Why your head shot for your book jacket and bio photo is not an Olan Mills moment


Your cover spread—front and back—is one of the most important ways to entice readers to pick up your book. Your author photo is an important piece in the total package. You’ll also be using it on social media, press releases, and in other features. It’s worth taking the time to get it right.

Readers need to see who you are.

Leave your cute kids, pets, and spouse out of it. This is about the book, and the author.

(I made a large exception: my boat). I knew I wanted my setting to be outdoors by boats and the water. Even if it didn’t show, because typically the best shots are tight in on the writer, the feeling of the place would be there. I got permission in advance from fellow boaters to crawl around on a bunch of cool yachts. As it turned out, my own 32-foot DownEast Chip Ahoy worked out just fine.

Hire a professional. No selfies.

No selfies. No! Doesn’t matter how good your phone camera is. Forget anything that’s blurry, cropped from a group shot, or taken at a distance. This is your book. You worked so hard on it. Give it your all in this part of the process. You need a sharp, well-composed image that tells readers something about who you are. Get over yourself if you’re camera shy, or feel like you’re being egotistical. This is not selfish. It’s smart marketing that helps you connect with your audience.

Know your genre and your intent.

The first photographer who graciously offered to work with me (in exchange for writing his bio) didn’t work out because the days he was available the natural light wasn’t great outside and the wind was howling.

Don’t worry about that, he said. I’ll just shoot you at your house and Photoshop in a background, then throw on some amazing filters so you don’t look so old and wrinkly.

Well, those weren’t his exact words. But it’s true, he wanted to glamify me.

The older I get, the more I want to look like myself. And my novel, More Than You Think You Know, is very much about being OK with looking how you look. Airbrushing doesn’t fit the genre.

So I asked another photographer whose work I admire, and who shares my sensibilities about sense of place, if she might have time to do it, or could recommend someone. We had to wait a few months to find a date that worked. That will probably be the case for you too, because good photographers are usually booked all the time. Make a plan in advance.

Author bio inspiration pic

One of my inspiration photos from an AGjeans.com ad. 

Cyndi Perkins 201609200043

How that translates in Cyndiland, lol.


– Find shots that inspire you. Check out the kind of photos big-name authors favor. 

I looked at my collection of John Irving and Anne Tyler novels.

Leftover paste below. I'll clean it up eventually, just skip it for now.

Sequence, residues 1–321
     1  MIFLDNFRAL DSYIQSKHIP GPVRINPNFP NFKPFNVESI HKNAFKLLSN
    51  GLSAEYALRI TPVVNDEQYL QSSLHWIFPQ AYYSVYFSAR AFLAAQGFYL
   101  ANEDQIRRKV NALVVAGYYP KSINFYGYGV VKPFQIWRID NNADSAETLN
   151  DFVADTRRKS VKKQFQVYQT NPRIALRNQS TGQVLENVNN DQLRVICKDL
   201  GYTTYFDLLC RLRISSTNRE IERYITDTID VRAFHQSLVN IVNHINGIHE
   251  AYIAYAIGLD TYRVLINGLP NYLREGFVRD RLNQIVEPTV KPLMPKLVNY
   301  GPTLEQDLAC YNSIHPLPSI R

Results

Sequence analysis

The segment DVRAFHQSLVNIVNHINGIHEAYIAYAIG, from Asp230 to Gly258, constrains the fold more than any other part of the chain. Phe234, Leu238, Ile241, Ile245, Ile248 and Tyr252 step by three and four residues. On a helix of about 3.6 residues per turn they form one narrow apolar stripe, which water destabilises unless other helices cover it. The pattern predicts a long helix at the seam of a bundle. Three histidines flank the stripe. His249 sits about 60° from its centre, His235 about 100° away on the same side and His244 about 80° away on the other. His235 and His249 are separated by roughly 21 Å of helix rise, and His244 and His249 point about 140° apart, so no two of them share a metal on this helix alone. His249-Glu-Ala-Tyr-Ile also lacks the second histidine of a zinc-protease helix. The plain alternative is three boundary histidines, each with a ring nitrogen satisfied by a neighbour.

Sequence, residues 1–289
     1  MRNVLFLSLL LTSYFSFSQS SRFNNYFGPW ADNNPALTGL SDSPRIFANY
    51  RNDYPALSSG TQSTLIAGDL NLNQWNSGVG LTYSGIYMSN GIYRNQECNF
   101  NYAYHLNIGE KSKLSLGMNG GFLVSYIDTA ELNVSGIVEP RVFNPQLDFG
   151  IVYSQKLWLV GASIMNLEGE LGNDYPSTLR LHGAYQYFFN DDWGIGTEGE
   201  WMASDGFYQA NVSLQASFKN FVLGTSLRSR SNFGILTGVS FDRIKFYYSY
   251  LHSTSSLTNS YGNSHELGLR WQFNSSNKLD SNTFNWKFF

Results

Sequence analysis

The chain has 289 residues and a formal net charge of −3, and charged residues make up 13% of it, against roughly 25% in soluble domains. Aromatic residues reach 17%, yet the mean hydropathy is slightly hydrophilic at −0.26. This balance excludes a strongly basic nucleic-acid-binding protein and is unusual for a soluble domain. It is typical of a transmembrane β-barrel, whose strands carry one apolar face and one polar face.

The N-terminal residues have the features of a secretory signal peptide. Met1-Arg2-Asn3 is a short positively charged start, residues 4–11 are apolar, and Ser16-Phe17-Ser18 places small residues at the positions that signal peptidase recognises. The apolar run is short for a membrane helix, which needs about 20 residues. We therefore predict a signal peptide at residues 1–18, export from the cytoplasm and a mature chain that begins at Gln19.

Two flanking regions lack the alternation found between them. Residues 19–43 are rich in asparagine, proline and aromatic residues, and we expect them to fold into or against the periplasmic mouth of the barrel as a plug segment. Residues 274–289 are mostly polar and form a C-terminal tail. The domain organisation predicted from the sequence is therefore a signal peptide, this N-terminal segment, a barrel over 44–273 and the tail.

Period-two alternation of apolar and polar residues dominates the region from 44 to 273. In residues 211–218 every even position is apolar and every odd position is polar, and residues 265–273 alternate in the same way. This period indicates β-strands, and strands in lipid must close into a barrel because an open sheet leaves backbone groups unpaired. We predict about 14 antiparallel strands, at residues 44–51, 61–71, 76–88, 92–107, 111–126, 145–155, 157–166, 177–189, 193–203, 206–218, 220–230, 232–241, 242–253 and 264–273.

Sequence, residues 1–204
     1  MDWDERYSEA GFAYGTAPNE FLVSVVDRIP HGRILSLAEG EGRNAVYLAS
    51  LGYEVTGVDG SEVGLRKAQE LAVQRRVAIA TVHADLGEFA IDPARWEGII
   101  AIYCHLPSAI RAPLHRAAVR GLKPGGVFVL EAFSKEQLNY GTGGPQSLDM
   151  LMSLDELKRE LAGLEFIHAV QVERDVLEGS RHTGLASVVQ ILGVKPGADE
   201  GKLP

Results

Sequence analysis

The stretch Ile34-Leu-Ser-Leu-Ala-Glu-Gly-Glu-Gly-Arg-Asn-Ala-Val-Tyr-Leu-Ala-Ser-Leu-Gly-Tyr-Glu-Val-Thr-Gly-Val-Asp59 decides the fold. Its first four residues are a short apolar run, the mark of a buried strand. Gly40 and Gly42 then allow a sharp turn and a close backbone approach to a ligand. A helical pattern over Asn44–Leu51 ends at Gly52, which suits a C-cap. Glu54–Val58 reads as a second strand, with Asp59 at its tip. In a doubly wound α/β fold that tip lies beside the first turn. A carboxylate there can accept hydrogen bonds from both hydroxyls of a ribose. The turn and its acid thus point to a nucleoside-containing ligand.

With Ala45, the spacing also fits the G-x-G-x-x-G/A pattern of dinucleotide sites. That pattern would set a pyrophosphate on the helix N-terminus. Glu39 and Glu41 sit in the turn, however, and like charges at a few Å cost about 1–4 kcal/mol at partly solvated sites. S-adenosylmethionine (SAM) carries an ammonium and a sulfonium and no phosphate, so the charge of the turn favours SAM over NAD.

John IrvingAnn Tyler

Patricia Cornwell also gives good face. Their photos are attractive, but also look like you caught them in the middle of work (not gussied up) and they’re not at all worried about how they look. Google other author photos to see what might work for you. And if you’ve got time in an airport, that’s also a great place to see how the hot sellers present themselves and their work.

– Jot down a shot list.

Plan for a change of clothes and scenery. But don’t switch it up just for the sake of change. Not your senior photo, remember?

Take a cue from nature. Where can the photographer capture you in your natural habitat, and capture the essence of your book, and what will you be wearing?

If you’re writing a non-fiction business book, perhaps you want a buttoned-down-but-accessible look.  I wanted a nautical-female feel for my novel, because it’s about three bad-ass women piloting a 44-foot yacht down the Heartland Rivers from the Great Lakes to the Gulf of Mexico.

My basic shot list: go to the local marina where my boat is docked and find the best light, (always near sunrise, and again near sunset). Potential locales—by the bridge, on power boats, on sailboats. Maybe sitting on the grass, or on a dock. As it turned out, the evening conditions were perfect right on the boat.

My wardrobe:

– White blouse, blue jeans, boots, blazer—hair down

– Sailing foulie gear—aqua bib overalls and a high-collared aqua-and-yellow waterproof jacket.

– My old navy-and-white striped t-shirt with navy and white capri sweats, NY Laundry sweatshirt, barefoot—braids

We didn’t need the other clothes. My old sailing clothes and bare feet worked great. Still, I was glad to have options.

Cyndi Perkins 201609200003

Getting comfortable down below in Chip Ahoy’s cabin. A good photographer will factor in time to relax. You should, too. Below, pensive can work, if the emotion is genuine. But even if your book is dead serious, you can still smile! 

Cyndi Perkins 201609200010.jpg

Parting shots:

  • So which shot did I end up with on the More Than You Think You Know back cover? Find out during my cover reveal at the end of March (Beating Windward Press is asking readers to weigh in on the design, so exciting—check out BWP Facebook  and mine for details as the Live event gets closer.)
  • Sarah Bird, who took my portraits, has a gift for putting humans at ease and capturing their images in those moments. Follow her on Instagram at @sarah_bird
  • Jane Friedman has great advice in general for your back cover, including copy and photo.
  • Laugh and learn from the my-head-is-so-full-of-thoughts-I-have-to-prop-it-up pose and other author bio photo gaffes via Huffington Post and flavorwire.com.
  • Why author photos matter (for good or bad)—a think piece on self-deprecating, cute, or serious poses and what they mean.

How did your bio photos turn out, fellow author? Share your dos-and-don’ts here, or Tweet images .@cyndiperkins I can see them! Share on Insta at  #amwriting #authorphotos #bookjacketcover—I’ll be searching for yours! 

2 thoughts on “Why your head shot for your book jacket and bio photo is not an Olan Mills moment

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